Ron Amadeo, for Ars Technica:
Duplex patiently waited for me to awkwardly stumble through my first ever table reservation while I sloppily wrote down the time and fumbled through a basic back and forth about Google’s reservation for four people at 7pm on Thursday. Today’s Google Assistant requires authoritative, direct, perfect speech in order to process a command. But Duplex handled my clumsy, distracted communication with the casual disinterest of a real person. It waited for me to write down its reservation requirements, and when I asked Duplex to repeat things I didn’t catch the first time (“A reservation at what time?”), it did so without incident. When I told this robocaller the initial time it wanted wasn’t available, it started negotiating times; it offered an acceptable time range and asked for a reservation somewhere in that time slot. I offered seven o’clock and Google accepted.
From the human end, Duplex’s voice is absolutely stunning over the phone. It sounds real most of the time, nailing most of the prosodic features of human speech during normal talking. The bot “ums” and “uhs” when it has to recall something a human might have to think about for a minute. It gives affirmative “mmhmms” if you tell it to hold on a minute. Everything flows together smoothly, making it sound like something a generation better than the current Google Assistant voice.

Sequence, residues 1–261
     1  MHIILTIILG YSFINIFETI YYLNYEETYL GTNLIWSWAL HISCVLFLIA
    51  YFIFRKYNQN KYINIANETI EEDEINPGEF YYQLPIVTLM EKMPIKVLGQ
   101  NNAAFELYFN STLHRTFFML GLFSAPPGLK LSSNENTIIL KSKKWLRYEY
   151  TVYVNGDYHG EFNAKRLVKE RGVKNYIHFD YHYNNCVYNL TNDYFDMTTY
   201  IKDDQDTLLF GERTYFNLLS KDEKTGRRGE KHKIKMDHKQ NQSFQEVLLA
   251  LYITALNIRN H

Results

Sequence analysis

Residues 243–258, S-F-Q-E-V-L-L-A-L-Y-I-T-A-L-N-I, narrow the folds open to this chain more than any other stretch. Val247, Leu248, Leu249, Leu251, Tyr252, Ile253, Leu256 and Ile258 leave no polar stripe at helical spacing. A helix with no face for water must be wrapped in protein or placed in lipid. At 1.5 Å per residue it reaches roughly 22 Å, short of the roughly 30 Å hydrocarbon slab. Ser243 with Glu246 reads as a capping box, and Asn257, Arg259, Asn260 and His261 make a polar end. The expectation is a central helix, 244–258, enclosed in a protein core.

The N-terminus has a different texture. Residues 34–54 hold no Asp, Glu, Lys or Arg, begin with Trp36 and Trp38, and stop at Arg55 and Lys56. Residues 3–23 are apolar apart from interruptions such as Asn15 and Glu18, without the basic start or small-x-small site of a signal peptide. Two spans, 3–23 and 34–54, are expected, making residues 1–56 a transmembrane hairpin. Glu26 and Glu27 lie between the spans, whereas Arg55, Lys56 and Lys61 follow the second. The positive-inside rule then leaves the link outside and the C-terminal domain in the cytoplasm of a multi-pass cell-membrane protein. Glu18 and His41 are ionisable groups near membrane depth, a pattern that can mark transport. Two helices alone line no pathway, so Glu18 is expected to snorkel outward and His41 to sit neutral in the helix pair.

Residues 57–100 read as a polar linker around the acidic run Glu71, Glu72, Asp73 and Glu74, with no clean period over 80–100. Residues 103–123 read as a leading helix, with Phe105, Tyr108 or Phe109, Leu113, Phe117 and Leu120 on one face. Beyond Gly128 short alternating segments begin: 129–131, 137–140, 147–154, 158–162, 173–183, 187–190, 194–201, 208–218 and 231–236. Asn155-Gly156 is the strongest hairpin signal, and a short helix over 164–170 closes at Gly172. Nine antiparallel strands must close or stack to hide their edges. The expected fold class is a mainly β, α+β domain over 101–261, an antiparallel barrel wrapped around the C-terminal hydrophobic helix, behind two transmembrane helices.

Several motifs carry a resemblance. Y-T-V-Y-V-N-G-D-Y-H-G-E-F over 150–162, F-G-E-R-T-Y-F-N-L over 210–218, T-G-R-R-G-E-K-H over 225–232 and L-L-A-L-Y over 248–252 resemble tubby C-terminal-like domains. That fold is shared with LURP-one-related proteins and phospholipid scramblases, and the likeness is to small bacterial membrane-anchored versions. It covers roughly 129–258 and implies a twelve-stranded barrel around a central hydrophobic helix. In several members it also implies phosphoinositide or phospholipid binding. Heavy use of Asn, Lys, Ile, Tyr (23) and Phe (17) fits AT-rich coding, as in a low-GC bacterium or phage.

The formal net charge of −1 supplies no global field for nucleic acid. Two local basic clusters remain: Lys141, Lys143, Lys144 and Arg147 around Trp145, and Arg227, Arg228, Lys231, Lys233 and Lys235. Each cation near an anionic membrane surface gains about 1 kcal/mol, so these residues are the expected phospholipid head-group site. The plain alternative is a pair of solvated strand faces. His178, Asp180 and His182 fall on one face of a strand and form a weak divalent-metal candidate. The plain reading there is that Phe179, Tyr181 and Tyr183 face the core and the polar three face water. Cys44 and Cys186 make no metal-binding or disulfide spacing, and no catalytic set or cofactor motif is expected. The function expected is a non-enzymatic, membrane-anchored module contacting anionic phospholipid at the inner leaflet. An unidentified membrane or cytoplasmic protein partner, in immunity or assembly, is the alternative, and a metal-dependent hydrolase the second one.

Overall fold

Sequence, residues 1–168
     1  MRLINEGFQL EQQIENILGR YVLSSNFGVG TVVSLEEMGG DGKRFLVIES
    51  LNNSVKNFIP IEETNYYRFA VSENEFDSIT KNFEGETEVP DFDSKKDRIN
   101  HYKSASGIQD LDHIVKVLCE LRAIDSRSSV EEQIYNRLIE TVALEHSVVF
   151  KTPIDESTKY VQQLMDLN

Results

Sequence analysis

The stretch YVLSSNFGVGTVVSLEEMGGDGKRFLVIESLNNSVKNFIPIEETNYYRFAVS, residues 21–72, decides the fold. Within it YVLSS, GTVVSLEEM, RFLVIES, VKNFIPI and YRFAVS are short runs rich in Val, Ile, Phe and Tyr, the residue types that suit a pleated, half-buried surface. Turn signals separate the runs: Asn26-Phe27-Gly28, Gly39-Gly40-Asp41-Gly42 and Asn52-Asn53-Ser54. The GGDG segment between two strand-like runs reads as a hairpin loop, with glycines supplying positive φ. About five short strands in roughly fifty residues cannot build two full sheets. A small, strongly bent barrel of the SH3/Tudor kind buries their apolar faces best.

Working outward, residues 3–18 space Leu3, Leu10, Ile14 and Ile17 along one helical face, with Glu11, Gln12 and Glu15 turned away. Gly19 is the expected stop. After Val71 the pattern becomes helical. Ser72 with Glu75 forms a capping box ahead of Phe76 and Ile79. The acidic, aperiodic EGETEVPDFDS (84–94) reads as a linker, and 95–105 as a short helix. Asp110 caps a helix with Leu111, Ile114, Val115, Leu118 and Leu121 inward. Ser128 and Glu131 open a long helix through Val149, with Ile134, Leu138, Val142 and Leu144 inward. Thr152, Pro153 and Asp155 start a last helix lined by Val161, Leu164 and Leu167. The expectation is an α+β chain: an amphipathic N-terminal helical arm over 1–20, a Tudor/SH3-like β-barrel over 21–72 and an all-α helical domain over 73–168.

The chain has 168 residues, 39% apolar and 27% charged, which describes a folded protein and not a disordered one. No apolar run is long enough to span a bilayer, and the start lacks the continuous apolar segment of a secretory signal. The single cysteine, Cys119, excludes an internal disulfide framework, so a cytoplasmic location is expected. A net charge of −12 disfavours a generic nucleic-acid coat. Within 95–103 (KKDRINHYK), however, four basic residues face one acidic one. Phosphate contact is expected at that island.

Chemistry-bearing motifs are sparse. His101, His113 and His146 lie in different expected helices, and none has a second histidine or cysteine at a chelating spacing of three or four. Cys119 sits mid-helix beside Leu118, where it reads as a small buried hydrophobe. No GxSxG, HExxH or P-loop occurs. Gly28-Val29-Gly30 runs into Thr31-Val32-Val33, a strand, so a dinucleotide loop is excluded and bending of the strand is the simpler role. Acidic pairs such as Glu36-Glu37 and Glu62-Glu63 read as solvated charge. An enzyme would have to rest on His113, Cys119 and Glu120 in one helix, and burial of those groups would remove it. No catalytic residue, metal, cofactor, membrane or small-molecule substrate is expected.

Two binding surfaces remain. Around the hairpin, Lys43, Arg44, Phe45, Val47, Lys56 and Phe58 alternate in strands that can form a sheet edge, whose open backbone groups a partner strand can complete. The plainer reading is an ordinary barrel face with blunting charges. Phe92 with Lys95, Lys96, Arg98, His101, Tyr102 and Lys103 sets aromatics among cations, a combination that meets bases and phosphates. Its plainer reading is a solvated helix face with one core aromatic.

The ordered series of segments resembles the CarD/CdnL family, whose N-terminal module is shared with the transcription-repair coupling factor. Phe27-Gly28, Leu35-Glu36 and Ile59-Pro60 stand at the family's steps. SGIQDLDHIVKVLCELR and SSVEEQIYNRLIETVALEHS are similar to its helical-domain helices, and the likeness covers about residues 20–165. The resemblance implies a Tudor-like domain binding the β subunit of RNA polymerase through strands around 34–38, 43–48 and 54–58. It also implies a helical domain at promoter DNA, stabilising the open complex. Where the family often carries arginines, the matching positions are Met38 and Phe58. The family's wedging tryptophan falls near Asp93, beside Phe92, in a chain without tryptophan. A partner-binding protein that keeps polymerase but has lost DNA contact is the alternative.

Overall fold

So Google’s demo at I/O 2018 was partly staged. The journalists invited to test it out were not able to speak directly to Google Assistant but had to have an engineer enter their data manually. I assume that that last integration will be one of the easier parts of the project, which as a whole is extremely impressive. It will need to me more accurate though, so Google won’t need people to oversee the calls themselves — Google says it currently handles 8 out of 10 calls without the need for human intervention.
Other reports about Google Duplex from the past day or so: